October 29 was the birthday of Johann Andreas Friedrich Wilhelm Mueller. He was born in 1825. His initials are often used when identifying him, and since he became a pastor, he was called Rev. J.A.F.W. Mueller. Over the years, his family started referring to him as “Alphabet” Mueller. We at our museum also use this affectionate term when telling storied about him.
Alphabet came to America in the 1839 immigration aboard the Rebuplik along with his parents and six other siblings. Here is the passenger list which shows his family.
Alphabet is the one listed as Fred. William. Sadly, Alphabet’s mother died already in 1844, and his father died in 1847. They both died before Alphabet graduated and became a pastor.
Alphabet was one of the eleven original students at the Log Cabin College when it opened on December 9, 1839. He also was one of the few students in that class that was not the child of a pastor. The passenger list shows Johann Christian Mueller’s occupation as tiler. He was the maker of bricks and roofing tiles. I like to think that Alphabet’s father would have been helpful in providing his expertise with dirt to assist in the making the dirt floor inside the Log Cabin College and the chinking that had to be done between the logs to keep the wind from blowing through the openings. One of the participants in the Immigration Conference who is an avid geologist, Dr. Stan Sides, told me that the loess type soil found here is very good for making a good solid dirt floor and the chinking between the logs.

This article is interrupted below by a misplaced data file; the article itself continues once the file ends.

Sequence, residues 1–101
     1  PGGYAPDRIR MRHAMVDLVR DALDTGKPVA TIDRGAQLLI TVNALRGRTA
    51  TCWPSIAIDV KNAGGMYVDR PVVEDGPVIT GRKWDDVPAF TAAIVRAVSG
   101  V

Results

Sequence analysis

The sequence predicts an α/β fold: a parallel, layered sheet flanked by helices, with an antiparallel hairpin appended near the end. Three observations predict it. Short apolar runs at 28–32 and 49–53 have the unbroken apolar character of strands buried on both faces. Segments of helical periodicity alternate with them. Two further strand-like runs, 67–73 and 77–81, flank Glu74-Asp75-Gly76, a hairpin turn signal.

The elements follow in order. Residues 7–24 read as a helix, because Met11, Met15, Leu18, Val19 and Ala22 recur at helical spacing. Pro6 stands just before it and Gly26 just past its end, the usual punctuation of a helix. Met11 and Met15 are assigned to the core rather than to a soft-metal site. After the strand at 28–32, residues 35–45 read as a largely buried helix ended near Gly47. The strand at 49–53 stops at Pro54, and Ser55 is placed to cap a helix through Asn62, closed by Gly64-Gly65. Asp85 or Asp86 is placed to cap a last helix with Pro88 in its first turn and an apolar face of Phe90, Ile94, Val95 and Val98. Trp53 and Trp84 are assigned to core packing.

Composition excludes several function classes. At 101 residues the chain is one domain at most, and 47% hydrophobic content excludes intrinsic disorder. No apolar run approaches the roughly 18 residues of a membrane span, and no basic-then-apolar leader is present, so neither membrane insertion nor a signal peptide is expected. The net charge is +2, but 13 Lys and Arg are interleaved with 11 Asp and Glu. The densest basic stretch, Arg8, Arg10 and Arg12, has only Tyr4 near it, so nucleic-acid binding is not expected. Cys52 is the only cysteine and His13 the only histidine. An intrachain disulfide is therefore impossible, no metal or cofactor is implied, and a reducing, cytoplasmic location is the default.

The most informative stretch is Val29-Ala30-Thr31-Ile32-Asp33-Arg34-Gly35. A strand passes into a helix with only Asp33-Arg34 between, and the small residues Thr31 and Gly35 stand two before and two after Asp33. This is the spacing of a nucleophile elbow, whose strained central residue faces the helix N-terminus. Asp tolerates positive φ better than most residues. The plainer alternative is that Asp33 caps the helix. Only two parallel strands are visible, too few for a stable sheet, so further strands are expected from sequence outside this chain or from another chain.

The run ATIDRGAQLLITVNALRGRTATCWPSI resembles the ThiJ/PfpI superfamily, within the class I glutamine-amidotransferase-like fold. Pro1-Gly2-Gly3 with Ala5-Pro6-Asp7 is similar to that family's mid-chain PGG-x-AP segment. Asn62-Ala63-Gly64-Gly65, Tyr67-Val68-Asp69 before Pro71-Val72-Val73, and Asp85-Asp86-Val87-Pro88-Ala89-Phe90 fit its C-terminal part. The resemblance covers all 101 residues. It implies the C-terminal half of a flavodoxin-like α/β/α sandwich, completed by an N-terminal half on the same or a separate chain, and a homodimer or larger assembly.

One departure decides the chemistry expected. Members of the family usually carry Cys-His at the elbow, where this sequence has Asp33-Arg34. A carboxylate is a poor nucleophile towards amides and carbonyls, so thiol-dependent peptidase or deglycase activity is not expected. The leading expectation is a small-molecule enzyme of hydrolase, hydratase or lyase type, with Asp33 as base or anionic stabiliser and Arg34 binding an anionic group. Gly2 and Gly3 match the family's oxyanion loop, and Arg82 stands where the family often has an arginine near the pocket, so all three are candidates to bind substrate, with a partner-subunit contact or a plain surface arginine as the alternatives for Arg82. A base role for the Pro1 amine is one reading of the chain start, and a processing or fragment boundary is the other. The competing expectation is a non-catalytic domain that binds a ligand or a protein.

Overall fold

On this old map of the Altenburg/Dresden area, you can see that a brickyard is identified. This is the likely location of where Alphabet’s father had his business. You can see how close it was to where the Log Cabin College was first located. The College would have been a much closer school for Alphabet to attend than the one which eventually was located in the town of Altenburg. It makes sense that he would attend the College.
Alphabet has the notoriety of being the first graduate of Concordia Seminary. He was one of five men who graduated from the seminary before it was moved to St. Louis in 1849. After graduation, he was ordained and installed to be the pastor of a German congregation that was meeting in the western part of St. Louis that became known as Immanuel Lutheran Church. That area is now called Olivette. Rev. Mueller was also involved in the development of two other congregations in that area, St. John’s, Elllisville, and St. Paul’s, Des Peres.
In 1849, Alphabet traveled down to Altenburg to get married. His bride was Johanne Constantine Hoehne. They were married on May 2, 1849 by Rev. Gotthold Loeber. Just months after that wedding, Rev. Loeber died.
From St. Louis, he was called to Immanuel First Lutheran Church in Chicago. Then during the Civil War, he was called to a Lutheran church in Pittsburgh. Here is a photo taken of Alphabet when he was the pastor in Pittsburgh.
Rev. Mueller ended his career in ministry at St. John’s Lutheran Church in Chester, Illinois, not far from where he first lived in Perry County, Missouri. He died and is buried there.